UArizona Architecture Students Make Impact on – and are Impacted by – 2023 Solar Decathlon Design Challenge

May 31, 2023
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Two CAPLA B.Arch Student Teams are Finalists in 2023 Solar Decathlon Design Challenge; Casa Verde Team Wins Third Place in Attached Housing Division
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Casa Verde render

Casa Verde was awarded third place in the Attached Housing Division of the U.S. Department of Energy 2023 Solar Decathlon Design Challenge.
Image by Alyssa Fink, Seunghu Kim, Michelle Munguia and Kedar Sitapati.

The College of Architecture, Planning and Landscape Architecture at the University of Arizona has a rich history of success in the U.S. Department of Energy’s Solar Decathlon Design Challenge, placing multiple teams as finalists or winners in each of the last four years.

This year, CAPLA placed two Bachelor of Architecture student teams in the finals—out of 55 teams representing 43 collegiate institutions. The Casa Verde team took third place in the Attached Housing Division with its infill affordable housing prototype designed for lower-income neighborhoods in South Tucson.
  

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The Casa Verde team

The Casa Verde team (from left to right): Michelle Munguia, Alyssa Fink, Kedar Sitapati and Seunghu Kim, with Jeff Ocampo, chief production officer, Habitat for Humanity Tucson.

As much as we tout the students’ success, however—last year, a UArizona B.Arch team won not only the Multifamily Building Division but also was named the Design Challenge Grand Winner for Commercial Divisions, for example—the more significant impact is on the students themselves.

“The Solar Decathlon was an intense and inspiring experience,” says Alyssa Fink, a Casa Verde team member and fourth-year undergraduate architecture student. “The challenge we were presented with was to consider every aspect of the design project—from conducting a market analysis of the area to determining the ideal unit type, from investigating the embodied carbon of every material in our wall assembly to calculating the project's energy consumption on a hour-by-hour basis, and more. We had a great team, and I can honestly say that I learned more this semester than I have any other, especially about what I can do to promote sustainable practices as a future architect.”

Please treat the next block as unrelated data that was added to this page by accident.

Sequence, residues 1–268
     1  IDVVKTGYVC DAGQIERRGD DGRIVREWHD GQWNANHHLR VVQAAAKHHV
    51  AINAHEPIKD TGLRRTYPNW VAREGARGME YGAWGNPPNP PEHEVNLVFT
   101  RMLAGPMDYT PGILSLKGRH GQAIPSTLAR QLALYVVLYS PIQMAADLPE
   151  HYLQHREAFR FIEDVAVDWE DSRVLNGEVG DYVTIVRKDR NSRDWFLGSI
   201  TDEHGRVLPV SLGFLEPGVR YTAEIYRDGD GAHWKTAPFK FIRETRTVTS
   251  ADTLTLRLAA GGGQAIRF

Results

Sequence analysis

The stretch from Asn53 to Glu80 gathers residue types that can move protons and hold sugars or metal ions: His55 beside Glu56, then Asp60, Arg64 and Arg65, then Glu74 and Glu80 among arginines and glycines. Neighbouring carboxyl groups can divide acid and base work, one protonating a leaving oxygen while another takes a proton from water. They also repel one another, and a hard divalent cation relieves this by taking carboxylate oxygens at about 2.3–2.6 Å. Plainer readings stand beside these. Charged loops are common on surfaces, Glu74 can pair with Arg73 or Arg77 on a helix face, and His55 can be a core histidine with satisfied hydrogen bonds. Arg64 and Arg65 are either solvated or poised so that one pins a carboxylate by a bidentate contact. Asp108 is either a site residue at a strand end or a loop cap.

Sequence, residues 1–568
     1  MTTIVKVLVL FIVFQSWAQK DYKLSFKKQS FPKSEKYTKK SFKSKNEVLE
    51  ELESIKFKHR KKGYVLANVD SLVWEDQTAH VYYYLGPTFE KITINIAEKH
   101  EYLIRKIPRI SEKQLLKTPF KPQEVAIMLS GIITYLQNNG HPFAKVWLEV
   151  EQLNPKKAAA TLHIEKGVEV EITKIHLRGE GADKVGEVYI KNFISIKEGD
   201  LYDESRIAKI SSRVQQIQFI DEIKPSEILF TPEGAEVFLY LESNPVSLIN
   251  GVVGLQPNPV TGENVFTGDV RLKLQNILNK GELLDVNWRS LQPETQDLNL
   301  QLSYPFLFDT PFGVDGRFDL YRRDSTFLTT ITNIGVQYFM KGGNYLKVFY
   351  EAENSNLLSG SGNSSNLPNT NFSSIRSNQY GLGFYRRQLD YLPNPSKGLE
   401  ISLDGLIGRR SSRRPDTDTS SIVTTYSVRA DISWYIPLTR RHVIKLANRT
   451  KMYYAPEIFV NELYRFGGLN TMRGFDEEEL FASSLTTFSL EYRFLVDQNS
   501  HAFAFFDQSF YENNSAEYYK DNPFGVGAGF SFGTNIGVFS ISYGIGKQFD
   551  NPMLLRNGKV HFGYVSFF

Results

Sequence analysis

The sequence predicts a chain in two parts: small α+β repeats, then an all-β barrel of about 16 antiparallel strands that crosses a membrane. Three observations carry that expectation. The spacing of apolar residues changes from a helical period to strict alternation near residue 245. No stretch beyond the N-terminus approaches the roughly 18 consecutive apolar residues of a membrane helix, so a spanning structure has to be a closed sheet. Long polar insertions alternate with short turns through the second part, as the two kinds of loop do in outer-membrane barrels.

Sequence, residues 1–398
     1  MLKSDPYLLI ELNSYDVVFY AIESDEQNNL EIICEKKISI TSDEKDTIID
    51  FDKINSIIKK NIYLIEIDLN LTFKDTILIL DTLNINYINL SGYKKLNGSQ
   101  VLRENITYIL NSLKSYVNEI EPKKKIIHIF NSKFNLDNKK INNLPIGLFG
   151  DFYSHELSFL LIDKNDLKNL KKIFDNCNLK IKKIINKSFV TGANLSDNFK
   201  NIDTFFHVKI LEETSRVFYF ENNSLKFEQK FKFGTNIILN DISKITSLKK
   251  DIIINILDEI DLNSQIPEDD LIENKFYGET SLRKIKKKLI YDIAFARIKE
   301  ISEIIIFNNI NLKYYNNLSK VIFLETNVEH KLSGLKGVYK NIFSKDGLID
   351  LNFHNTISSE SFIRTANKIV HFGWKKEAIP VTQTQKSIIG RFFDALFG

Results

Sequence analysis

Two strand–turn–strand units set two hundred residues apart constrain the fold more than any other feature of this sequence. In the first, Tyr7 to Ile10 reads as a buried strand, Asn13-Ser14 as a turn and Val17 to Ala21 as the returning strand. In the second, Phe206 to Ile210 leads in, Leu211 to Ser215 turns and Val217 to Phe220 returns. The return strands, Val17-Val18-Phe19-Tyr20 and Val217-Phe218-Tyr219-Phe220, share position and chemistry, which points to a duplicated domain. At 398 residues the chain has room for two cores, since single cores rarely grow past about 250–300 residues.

Team member Kedar Sitapati agrees. “Participating in the Solar Decathlon Design Challenge has been a defining moment in my architectural education,” he says. “As someone who is passionate about sustainability, this competition has given me the opportunity to apply my knowledge and skills to real-world challenges, providing a deeper understanding of the role that architects play in creating a more sustainable future.”
  

  

Each year, the Solar Decathlon Design Challenge encourages interdisciplinary student teams from colleges from around the world to create high-performance residential, commercial and institutional building designs that address issues related to climate change, affordability and environmental justice—culminating each April in a final competition at the National Renewable Energy Laboratory (NREL) in Golden, Colorado. The most innovative designs tackle regional challenges while collaborating with local organizations.

The Casa Verde team, comprised of Fink, Sitapati and fellow fourth-year B.Arch students Seunghu Kim and Michelle Munguia, partnered with Habitat for Humanity Tucson, Ottterbein Engineering, Technicians for Sustainability, Culdesac, Chiltrix, Zola Windows and Nyle Water Heating Systems in creating an attached housing prototype that can be scaled for infill while allowing multiple compact, one-bedroom units to face a shared neighborhood courtyard, “cultivating community between new and old residents alike,” says the team.
 

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Casa Verde render

Casa Verde.
Image by Alyssa Fink, Seunghu Kim, Michelle Munguia and Kedar Sitapati.

With an average utility cost of less than $13 per month, the super-efficient units rely on three design strategies: